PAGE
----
Saturday, December 1, 2007


"Ashcan Artists" & Lamartine Blocks, Chelsea W29 & W30 btwn 8Ave & 9Ave
In early 20th Century NYC, 317 West 29th Street(formerly Lamartine Place) was the address of the Petipas' sisters boardinghouse, where painter John Butler Yeats (father of the poet) lived. John Sloan painted "Yeats at Petipas", (1910)showing him dining there with artists and literary figures. XXXXXXXXXXXXXXXXXXXXXXXXXXXXXXXXXXXXXXXXXXXXXXXXXXXXXXXXXXXXX

The boardinghouse and Chelsea district in general, was an unofficial center for the "Ash Can" group of artists.
William Glackens's "Chez Mouquin" (1905), showing Clement Clarke Moore the Third in presence of a "much younger lady of questionable repute" and John Sloan's "Yeats at Petipas'" (1910) are evidence of this trend in Chelsea.
John Butler Yeats was also the father of four artistic children, including the poet W. B. [William Butler] Yeats, and the painter and illustrator Jack [John] Butler Yeats, as well as the daughters Susan Mary (Lilly) and Lolly also know for their creative endeavors.
In December, 1907, Yeats accompanied his eldest daughter, Susan Mary [Lily] Yeats, to an embroidery exhibit in New York City for what was intended as a short visit. However, Yeats remained there for the following 14 years and never returned to Dublin. He took up residence at a boarding house run by the Petitpas sisters at 317 West 29th Street, and participated in the literary and art communities of the city. ___________________________________________________________________ In New York, Yeats continued to paint portraits and sketch for commissions, as well as for friends and himself. He also wrote several essays on subjects that included art, Irish issues, and women, and was a public speaker at venues in the eastern United States. Within his circle of artistic friends in New York, Yeats was known as an exceptional conversationalist. During this time he nurtured friendships with Martha Fletcher Bellinger, the writer Van Wyck Brooks, Mary Tower Lapsley Caughey, the miniature painter Eulabee Dix [Becker], the painter John Sloan and his wife, Dolly, Ann Squire, the lawyer and art patron John Quinn, and several others.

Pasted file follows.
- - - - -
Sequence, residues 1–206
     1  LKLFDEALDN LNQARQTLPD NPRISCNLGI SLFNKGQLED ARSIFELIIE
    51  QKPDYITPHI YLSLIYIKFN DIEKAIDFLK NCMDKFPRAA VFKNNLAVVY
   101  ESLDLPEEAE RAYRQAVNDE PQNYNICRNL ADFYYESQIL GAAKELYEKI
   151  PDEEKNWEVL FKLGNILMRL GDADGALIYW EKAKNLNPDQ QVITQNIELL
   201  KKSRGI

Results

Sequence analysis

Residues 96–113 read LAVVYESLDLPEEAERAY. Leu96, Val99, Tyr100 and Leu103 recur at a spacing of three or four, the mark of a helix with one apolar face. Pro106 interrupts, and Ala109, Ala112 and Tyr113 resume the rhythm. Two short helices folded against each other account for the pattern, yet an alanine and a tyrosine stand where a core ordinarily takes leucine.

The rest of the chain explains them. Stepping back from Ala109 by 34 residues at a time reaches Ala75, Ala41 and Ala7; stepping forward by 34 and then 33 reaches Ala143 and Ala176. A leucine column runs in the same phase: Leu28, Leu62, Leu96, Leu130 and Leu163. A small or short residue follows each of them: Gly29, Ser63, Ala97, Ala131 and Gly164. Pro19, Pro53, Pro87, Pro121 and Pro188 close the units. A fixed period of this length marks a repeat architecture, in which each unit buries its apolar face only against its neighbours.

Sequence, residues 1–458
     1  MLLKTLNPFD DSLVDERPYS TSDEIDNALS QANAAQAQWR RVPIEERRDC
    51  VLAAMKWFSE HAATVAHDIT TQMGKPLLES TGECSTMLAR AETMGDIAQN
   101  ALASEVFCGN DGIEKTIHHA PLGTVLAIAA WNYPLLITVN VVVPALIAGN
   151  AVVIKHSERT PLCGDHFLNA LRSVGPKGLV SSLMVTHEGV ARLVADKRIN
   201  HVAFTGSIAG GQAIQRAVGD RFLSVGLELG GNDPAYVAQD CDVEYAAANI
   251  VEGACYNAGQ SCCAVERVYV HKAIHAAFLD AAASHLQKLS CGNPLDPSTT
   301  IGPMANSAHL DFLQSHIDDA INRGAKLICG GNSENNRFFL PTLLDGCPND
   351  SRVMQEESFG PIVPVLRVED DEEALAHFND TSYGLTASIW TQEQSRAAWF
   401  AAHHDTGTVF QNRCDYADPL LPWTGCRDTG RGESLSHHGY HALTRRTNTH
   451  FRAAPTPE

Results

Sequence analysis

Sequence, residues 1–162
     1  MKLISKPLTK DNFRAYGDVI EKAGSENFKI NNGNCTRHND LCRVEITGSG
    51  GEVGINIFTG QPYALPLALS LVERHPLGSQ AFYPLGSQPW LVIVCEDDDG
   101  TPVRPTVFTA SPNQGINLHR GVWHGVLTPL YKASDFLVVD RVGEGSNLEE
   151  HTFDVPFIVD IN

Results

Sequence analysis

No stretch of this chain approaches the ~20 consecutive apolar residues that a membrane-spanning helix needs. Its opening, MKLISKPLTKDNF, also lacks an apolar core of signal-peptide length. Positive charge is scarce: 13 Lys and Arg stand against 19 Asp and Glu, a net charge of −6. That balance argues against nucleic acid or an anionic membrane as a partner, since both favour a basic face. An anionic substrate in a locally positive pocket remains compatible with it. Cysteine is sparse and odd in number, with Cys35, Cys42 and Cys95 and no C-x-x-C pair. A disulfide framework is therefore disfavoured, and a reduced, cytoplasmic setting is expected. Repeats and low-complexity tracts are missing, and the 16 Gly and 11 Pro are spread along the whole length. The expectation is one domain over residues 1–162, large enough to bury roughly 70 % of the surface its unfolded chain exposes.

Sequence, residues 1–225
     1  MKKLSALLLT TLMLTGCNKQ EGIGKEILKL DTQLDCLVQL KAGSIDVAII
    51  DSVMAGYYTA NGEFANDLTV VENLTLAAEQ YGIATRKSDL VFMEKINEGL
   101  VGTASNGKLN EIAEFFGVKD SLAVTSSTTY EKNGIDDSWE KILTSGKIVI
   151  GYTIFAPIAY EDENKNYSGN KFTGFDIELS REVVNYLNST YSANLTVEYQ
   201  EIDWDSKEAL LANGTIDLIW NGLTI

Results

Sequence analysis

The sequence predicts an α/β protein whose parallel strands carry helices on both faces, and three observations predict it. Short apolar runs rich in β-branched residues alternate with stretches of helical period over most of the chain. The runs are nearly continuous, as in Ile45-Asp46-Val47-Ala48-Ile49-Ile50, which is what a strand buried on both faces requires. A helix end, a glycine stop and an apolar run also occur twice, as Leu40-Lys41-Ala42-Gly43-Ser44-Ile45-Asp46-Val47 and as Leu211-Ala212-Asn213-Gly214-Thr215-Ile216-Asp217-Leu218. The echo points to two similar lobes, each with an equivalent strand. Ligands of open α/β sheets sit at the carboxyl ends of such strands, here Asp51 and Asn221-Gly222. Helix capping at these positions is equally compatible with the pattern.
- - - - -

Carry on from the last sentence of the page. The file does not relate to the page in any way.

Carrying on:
Yeats maintained contact with his family in Europe and friends in America through extensive correspondence.

On February 3, 1922, Yeats died, leaving behind an unfinished self-portrait, commissioned by Quinn, that he had been working on for 11 years. He is buried in Chestertown, New York, near Lake George in the Adirondacks
___________________________________________________________________ The boarding house at 317 West 29th run by the three Petipas sisters is recounted by B. L. Reid in his fascinating biography ''The Man From New York -- John Quinn and his Friends'' (Oxford University Press, 1968, page 89)
John Butler Yeats, (father of the poet,William Butler Yeats and painter Jack B. Yeats) ''was to live out his days there, illuminating that place and making it locally celebrated. . . . When weather allowed, the boarders and their guests would dine in a sort of pavilion, an open roofed shed in the back garden. It is in this setting that John Sloan painted him in 'Yeats at Petipas' with a group of friends about the table.''
In the 1870's and 1880's, the Chelsea Neighborhood had been at the center of New York City's Theater world.
Madison Square was the Times Square of it's day and
West 23 rd Street running westward to 8th Avenue was an
extention of it.

As late as 1910, when many Aschan Artists were active, Chelsea still had some lingering theatrical vestiges, although mostly of a vaudville kind and increasingly seedier in nature.

Many Aschan Artists, who favored the grittier aspects of city life, captured the fading glow of this leftover theater world.